Early this year on April Fools Day, Alibaba released the concept video of the VR product called “Buy+”. In the video, consumers can have a real shopping experience in a virtual environment. Here are a few clips from the concept video:
The video instantly went viral and got millions of views.
Well, it turns out Buy+ was not just an April Fools Day joke. This week, Taobao officially launched the Buy+ campaign for the upcoming “Double 11″/Singles Day shopping festival.
Let’s dive into the latest innovation from Taobao…
Taobao VR experience
You can easily access Taobao VR by downloading the latest version of the APP and going into the “我的淘宝” / “VR购物” section of the APP. The experience works with VR goggles (“cardboard type”) or by just looking at your phone and moving it around.
As you enter Taobao VR, you will be transported to a virtual living room where you can pick shopping destinations.
You will then be transported to various destinations such as Japan or the U.S.A. After a quick introduction, you will end up in a famous department store such as Macy’s.
You are then able to click on specific items from the shelves to add them to your cart.
Is it any good?
As far as we could experience with Zeiss and Samsung VR headsets, the Taobao VR experience is rather underwhelming.
Here are the main flaws which are crippling the current Taobao VR experience:
- Poor mobility: at the present state of technology, it is not easy to move around in Virtual Reality. It is easy to look around you, but very challenging to move through the shelves
- Difficulty to access product information: the VR experience makes it difficult to actually look at product descriptions, reviews and other important parameters in the buying decision of most users
- Lack of ease to interact with products: the VR experience from Taobao requires to actually clicks on items, therefore requiring a specialized device such as the Samsung VR with controls on the headset. A basic cardboard VR won’t do the trick.
- Gloomy shopping atmosphere: going through empty aisles, even if these are the shelves of a fancy New York department store, is a creepy experience. Taobao manages to give you the visual display of an oversea shopping experience, but none of the delight
What’s making matters worse is that other more mature technologies such as Live Streaming are definitely stealing the show this year. They enable a more emotional connexion with brand ambassadors through technology, which Virtual Reality definitely fails to achieve.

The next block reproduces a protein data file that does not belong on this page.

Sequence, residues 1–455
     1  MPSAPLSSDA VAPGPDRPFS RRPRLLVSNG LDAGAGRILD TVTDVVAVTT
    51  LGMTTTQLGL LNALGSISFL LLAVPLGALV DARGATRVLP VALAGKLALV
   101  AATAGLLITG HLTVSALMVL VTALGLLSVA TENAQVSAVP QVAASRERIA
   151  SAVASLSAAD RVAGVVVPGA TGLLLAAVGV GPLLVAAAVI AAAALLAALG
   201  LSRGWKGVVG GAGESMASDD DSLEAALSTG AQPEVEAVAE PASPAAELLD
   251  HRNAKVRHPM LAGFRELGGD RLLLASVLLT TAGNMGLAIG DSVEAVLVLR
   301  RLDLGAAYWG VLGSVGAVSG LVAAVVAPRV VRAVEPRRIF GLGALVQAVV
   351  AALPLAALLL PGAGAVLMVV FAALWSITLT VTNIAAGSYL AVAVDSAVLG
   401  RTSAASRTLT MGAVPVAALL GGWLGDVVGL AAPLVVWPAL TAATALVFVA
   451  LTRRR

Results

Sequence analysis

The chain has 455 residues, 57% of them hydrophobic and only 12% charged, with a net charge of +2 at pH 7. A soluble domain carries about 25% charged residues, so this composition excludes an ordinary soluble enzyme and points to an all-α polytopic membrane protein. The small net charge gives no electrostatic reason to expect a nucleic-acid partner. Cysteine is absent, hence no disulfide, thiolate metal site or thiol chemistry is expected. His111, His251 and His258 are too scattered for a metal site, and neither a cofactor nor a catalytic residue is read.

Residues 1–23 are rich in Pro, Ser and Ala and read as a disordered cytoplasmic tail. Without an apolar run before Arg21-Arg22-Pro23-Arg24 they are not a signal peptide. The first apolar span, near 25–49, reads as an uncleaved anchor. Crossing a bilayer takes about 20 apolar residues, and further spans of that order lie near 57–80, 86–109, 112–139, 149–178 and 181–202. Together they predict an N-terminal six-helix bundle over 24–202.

Could it be better?
So, should we give up on VR e-commerce?
Not just yet.
Other companies have preceded Taobao in bringing VR to e-commerce. Such as, for instance, eBay.
The experience provided by eBay appears as much more thought-through than on Taobao:
- The focus is to provide a radically different experience of products: the idea is to enable users to interact with products in a different way, rather than simply reproducing the offline experience with a headset. This solves the problems of mobility and lack of access to information which ruined the experience on Taobao VR.
- It is possible to use the APP with any cardboard headset: the APP automatically selects item when users focus on them, removing the need to have special controls on the headset. This enables a much more widespread access.
Other companies took a less ambitious approach, using VR for story-telling about the brand. Purchase is not happening in Virtual Reality, which is just used as a medium to educate about the brand, leaving customers to purchase through other more traditional channels.
That’s the approach taken by Dior:
Taobao VR is a PR stunt more than a technological revolution. If VR e-commerce definitely has a bright future, this future is still a few years away from us, as technology matures. For now, although VR might bring additional traffic and engagement to the APP, actual sales will most likely happen through traditional browsing and live streaming.